2040 Market Street in Philadelphia

The existing building at 2040 Market Street in Philadelphia, formerly the headquarters for the American Automobile Association (AAA), sat vacant through the “Great Recession” of 2008–2009, providing a constant reminder of the dismal economy. Several developers reviewed the possibility of adapting the building for new use, and eventually PMC Property Group of Philadelphia decided to develop a vertical and horizontal expansion of the existing five-story concreteframed building.

Structural engineering firm The Harman Group was chosen to determine how many additional floors could be added to the existing building. Using a system incorporating a load bearing steel wall panel called Integrity Max by Integrity Wall Panel, along with the Ecospan composite joist floor system from Nucor-Vulcraft, it designed a 120,000-sq.-ft vertical overbuild that added eight residential floors to the existing building. The building was also expanded horizontally, with 68,000 sq. ft. Added to the original footprint reaching the same top floor elevation as the overbuild. This vertical and horizontal expansion turned a 120,000-sq.-ft vacant office building into more than 300,000 sq. ft of vibrant residential rental units and ground-level retail space, now known simply as 2040 Market.

The Ecospan floor system helped maximize the number of floors that could be added, thanks to its shallow and lightweight —a depth of 15 ½ in., a span to depth ratio of 27 and a weight of 40 lbs. per sq. ft. The light weight construction of this system allowed for three more overbuild levels than a traditional steel-framed system would have allowed. In addition, the floor joists have a special flush joist seat that allows for uninterrupted bearing through the floor slab from level to level, which is critical for load transfer.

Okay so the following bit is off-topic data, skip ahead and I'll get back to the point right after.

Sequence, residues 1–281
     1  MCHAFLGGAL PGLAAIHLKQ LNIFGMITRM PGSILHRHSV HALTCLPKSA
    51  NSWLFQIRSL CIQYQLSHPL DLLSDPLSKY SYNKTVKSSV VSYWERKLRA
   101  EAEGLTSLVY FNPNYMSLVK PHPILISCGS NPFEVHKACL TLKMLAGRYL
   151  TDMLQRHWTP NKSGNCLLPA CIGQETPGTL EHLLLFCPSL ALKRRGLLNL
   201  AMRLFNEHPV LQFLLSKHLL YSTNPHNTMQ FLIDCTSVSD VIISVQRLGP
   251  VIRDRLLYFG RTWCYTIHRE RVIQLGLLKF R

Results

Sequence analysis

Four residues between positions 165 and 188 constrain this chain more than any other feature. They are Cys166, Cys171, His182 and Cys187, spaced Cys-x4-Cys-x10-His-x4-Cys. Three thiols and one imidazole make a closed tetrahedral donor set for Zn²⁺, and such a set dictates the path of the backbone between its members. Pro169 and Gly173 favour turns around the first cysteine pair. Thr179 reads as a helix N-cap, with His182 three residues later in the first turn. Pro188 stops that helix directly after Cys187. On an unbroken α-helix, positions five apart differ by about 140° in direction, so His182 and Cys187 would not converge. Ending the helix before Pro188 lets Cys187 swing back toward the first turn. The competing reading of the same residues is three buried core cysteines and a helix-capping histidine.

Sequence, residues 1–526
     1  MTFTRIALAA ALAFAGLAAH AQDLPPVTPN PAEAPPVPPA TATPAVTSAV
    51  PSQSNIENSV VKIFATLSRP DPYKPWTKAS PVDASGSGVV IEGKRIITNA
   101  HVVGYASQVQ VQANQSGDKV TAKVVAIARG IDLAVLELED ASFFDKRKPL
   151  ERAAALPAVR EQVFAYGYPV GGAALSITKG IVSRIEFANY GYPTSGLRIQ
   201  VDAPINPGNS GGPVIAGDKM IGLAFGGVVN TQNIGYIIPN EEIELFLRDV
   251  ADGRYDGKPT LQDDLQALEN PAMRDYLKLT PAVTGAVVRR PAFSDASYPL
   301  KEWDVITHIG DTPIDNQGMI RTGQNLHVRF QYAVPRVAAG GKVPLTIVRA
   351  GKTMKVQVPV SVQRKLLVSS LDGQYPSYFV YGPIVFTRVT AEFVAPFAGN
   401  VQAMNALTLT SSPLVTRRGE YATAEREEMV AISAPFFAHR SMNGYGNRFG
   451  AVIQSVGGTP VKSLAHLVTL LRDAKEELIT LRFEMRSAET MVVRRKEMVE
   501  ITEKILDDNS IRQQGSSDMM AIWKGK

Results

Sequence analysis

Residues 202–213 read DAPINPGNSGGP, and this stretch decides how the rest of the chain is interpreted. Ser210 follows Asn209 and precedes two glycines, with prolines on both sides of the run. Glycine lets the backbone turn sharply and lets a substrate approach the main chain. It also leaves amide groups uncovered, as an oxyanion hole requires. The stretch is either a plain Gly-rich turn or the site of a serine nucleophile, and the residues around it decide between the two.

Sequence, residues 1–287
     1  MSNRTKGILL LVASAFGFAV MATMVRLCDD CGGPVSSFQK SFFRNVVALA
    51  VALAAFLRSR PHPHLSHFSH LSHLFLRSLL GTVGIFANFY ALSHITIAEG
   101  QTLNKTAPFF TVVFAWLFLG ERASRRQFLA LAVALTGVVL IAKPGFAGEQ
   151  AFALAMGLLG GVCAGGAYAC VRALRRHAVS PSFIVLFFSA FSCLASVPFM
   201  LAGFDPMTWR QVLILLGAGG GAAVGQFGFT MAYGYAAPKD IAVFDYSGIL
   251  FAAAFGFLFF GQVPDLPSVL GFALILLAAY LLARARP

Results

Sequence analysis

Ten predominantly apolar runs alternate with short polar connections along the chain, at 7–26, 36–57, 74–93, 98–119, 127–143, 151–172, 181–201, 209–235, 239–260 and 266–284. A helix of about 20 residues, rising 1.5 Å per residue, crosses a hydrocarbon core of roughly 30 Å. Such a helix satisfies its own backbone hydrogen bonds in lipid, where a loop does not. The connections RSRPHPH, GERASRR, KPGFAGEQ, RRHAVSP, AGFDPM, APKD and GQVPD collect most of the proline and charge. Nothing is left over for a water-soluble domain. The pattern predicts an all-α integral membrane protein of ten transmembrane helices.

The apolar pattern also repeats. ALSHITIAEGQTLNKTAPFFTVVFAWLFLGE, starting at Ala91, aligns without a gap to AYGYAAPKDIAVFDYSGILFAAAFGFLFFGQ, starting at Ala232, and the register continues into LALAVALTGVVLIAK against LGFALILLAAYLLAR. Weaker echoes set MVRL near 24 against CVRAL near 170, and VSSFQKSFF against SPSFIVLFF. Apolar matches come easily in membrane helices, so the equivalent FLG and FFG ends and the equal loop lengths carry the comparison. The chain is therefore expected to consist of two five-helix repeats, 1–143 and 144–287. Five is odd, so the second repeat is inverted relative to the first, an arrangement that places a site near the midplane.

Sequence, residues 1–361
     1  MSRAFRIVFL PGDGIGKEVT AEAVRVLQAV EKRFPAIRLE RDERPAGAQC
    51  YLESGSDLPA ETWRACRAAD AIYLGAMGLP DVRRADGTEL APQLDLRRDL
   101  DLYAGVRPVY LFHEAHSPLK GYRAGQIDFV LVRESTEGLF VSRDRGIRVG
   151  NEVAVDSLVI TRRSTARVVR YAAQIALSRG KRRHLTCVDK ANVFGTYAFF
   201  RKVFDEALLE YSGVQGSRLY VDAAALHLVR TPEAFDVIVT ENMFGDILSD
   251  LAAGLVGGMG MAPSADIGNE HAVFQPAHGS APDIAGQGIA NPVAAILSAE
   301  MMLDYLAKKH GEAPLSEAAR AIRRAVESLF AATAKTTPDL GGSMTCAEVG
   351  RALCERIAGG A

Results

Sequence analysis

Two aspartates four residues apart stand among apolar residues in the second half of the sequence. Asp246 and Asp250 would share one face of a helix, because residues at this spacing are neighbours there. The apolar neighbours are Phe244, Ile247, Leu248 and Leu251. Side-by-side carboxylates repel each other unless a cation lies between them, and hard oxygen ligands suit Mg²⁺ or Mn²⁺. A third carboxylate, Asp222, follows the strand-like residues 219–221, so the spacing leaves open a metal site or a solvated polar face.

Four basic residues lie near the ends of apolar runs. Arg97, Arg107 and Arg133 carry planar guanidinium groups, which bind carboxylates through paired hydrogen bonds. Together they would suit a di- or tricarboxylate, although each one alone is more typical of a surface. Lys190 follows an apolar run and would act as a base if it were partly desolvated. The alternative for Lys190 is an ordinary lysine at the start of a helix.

The Integrity Max panel also helped minimize the weight of the overbuild portion, while at the same time helped reduce erection time. The 11-ft, 2½-in.-tall panel is constructed with 4-in. cold-formed tubes supplemented with 4-in. hollow structural sections (HSS) where required. The interior tubes can carry significant loads without any horizontal bridging, creating an open vertical space between studs for mechanical and other systems.



Structural engineers at The Harman Group, King of Prussia, Pa.

Jason Squitiere ([email protected]) Janis Vacca ([email protected])





PMC Property Group, Philadelphia


Varenhorst Architects, Philadelphia

Structural Engineer

The Harman Group, Inc., King of Prussia, Pa.


Fastrack Construction, Fort Washington, Pa.

Steel Team Fabricator and Detailer

Integrity Wall Panel/South Shore Iron Works, Chicago (AISC Member/AISC Certified Fabricator)


Quinco Contracting, Harleysville, Pa. (AISC Member)

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